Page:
2. LANDSCAPE WITH NATIVES Only 70% of a landscape needs to be devoted to native plants. If you prefer a more classic look, Tallamy suggests a compromise – incorporate native plants into a classic design. Make incremental changes and replace non-natives with natives when they die.  National Wildlife Foundation has a great Native Plant Finder tool, or you can find plants native to your region on the PDF provided by the Virginia Native Plant Society.
  3. REMOVE INVASIVE SPECIES Weed out invasive plants that can spread unchecked, wrecking a healthy ecosystem by choking trees, degrading habitat, crowding out beneficial plant colonies and robbing the soil of essential nutrients.
  4. GROW KEYSTONE PLANTS  Like the central stone that supports the architecture of an entire structure, keystone plants produce the food that fuels insects, underpinning the entire food web. Tallamy recommends growing keystone plants like Native Oak, Native Cherry, Native Willow, Native Birch, Cottonwood, Elm, Goldenrod, Aster, and Sunflower.
  5. PLANT GENEROUSLY  “To realize the ecological potential of our landscapes, most of us have to increase the abundance and diversity of our plantings,” Tallamy counsels. He suggests planting trees at the same density that you would find growing in a forest.
  6. ALTER OUTDOOR LIGHTING Floodlights, porch lights and lampposts attract and destroy moths and other flying food sources. Replacing outdoor lighting with LED bulbs, yellow bulbs or motion sensors will protect both your property and vital insect populations.
  7. AVOID INSECTICIDES Mosquitoes can only be controlled at the larval stage. Spraying for mosquitoes eliminates the adults at the expense of all the other beneficial insects in your yard. Instead, destroy mosquito larvae with a mosquito dunk or simply remove standing water. Encourage your neighbors to do the same.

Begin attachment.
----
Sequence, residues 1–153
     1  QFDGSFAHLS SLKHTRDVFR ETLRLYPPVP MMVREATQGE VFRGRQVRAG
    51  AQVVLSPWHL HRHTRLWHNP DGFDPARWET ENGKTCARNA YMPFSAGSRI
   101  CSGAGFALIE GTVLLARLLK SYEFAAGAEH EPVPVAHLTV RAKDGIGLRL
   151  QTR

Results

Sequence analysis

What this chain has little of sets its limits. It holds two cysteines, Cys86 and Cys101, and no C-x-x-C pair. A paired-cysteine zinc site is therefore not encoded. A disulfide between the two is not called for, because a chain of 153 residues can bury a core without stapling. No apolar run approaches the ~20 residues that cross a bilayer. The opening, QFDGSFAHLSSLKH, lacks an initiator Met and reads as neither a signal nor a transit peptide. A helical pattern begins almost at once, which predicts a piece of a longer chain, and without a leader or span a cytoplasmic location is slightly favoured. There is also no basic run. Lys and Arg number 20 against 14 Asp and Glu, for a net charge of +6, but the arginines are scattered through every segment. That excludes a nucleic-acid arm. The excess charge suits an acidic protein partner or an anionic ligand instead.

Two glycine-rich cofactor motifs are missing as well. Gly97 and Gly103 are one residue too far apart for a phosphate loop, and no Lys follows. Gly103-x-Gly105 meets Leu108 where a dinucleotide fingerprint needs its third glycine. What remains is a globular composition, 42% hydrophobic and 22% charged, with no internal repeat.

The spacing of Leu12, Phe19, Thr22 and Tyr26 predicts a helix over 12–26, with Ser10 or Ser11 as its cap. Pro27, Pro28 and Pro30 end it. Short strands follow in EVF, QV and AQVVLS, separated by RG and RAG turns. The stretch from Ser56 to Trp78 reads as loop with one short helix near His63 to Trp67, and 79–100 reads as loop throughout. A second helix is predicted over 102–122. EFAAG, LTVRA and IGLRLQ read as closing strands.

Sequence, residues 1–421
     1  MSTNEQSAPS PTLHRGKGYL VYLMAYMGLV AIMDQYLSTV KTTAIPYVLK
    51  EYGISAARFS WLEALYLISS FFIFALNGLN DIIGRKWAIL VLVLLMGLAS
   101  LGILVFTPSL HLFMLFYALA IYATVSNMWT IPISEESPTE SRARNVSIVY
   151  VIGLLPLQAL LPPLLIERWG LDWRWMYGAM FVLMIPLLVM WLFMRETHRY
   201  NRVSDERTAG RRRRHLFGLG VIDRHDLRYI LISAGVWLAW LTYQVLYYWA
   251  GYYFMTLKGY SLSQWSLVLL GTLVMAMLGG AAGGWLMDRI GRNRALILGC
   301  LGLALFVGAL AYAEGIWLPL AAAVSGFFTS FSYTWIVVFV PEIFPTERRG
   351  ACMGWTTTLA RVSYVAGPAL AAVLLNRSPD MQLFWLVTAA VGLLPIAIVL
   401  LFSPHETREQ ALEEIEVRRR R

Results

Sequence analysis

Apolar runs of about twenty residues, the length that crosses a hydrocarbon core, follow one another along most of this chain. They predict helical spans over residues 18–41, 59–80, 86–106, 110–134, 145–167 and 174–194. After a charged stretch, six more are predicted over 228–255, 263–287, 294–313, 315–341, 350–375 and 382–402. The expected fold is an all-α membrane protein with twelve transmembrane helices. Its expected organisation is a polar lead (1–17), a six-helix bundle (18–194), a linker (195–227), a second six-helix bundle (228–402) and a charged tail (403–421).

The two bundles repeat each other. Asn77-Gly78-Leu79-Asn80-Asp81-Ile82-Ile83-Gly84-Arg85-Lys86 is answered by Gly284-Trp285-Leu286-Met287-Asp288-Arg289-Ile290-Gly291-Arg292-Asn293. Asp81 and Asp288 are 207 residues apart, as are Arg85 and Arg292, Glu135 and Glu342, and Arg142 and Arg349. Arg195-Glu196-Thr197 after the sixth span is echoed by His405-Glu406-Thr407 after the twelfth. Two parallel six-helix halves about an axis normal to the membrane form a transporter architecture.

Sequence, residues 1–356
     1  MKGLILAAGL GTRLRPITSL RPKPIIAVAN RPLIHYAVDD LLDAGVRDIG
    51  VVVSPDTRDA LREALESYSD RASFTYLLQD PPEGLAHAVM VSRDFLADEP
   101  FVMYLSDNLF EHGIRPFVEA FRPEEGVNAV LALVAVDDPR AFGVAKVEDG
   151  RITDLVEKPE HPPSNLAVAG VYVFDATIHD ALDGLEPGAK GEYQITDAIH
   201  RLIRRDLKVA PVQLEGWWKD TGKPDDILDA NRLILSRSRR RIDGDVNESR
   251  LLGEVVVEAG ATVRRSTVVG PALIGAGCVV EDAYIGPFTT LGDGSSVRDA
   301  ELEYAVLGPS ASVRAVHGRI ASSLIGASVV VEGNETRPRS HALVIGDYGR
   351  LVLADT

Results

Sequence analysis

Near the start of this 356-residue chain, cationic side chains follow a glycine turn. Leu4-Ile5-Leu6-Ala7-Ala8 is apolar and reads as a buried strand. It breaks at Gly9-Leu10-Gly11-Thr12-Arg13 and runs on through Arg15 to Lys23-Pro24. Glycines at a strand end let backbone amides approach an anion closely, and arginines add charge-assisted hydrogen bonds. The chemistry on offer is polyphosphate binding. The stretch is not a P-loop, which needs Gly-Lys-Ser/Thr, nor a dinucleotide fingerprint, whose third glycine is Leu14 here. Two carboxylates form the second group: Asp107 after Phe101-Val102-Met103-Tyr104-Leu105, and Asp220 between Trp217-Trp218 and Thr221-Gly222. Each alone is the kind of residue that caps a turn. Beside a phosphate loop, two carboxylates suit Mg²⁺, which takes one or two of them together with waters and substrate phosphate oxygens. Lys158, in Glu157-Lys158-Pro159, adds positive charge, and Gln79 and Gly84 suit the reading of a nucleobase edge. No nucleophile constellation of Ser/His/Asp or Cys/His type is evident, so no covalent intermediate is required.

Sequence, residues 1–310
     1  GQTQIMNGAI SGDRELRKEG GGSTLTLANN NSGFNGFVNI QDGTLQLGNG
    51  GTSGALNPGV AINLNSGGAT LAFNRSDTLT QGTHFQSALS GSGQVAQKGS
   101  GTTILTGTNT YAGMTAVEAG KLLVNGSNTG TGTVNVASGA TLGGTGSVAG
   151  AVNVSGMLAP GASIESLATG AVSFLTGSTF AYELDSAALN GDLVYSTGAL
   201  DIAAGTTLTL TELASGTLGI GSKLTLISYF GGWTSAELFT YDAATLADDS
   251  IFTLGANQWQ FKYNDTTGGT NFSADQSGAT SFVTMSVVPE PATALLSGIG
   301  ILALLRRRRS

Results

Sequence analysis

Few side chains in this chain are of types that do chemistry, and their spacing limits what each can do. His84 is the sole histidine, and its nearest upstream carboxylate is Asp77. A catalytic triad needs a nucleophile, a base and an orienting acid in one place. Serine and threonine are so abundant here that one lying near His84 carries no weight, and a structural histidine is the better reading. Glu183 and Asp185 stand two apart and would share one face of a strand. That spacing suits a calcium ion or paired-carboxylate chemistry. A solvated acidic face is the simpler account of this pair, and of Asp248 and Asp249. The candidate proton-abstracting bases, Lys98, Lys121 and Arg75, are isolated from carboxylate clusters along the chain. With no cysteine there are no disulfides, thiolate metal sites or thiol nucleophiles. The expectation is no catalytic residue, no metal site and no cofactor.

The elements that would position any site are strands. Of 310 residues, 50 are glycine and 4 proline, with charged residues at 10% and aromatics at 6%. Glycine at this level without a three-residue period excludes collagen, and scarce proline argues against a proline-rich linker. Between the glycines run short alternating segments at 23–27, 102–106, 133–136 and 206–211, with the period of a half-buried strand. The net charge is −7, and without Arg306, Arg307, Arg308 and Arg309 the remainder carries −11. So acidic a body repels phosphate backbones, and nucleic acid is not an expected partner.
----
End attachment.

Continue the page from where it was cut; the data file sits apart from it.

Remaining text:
8. PLANT FOR SPECIALIST POLLINATORS Roughly 80% of all plants require the help of pollinators to reproduce. Native bee populations prefer particular plant groups when gathering pollen for their larvae. Meet the needs of these specialist pollinators by planting perennial sunflowers, goldenrod, native willows, asters, and blueberries.
  9. CREATE CATERPILLAR PUPATION SITES Replace lawn under trees with groundcover or a layered landscape that allows caterpillars to complete their life cycle.  “More than 90% of the caterpillars that develop on plants drop to the ground and pupate in the leaf litter or within chambers, they form underground,” Tallamy explains.
  10. NETWORK WITH NEIGHBORS “Build ecological networks by encouraging your neighbors to join you in converting their own landscapes,” Tallamy suggests. And educate your neighborhood civic association about the value of native plants, proposing more relaxed rules that promote natural landscapes.

Stewardship is the responsibility of every human being. “We have the power to save nature by simply changing the way we landscape,” Tallamy reminds us. “We can’t afford NOT to,”

Mankind is nature’s best hope for the future. And she is ours.

If you enjoyed reading about Doug Tallamy and his efforts to convert homeowners to growing native plants, you may enjoy the rest of the Grow Native series offered by the Plant Virginia Natives partnership. You’ll learn how native plants help improve the environment for everyone, and how to turn your home garden into a native-friendly, sustainable and resilient habitat for birds and other wildlife. It’s not too late to register!

Register for the online Grow Native Series, $10 covers all programs.
Native Carolina chickadee with a worm. Image by Douglas Tallamy

A native Carolina Chickadee with a worm. Image by Doug Tallamy.

Volunteer Susan Higgins writes about what she learns and loves in the Garden.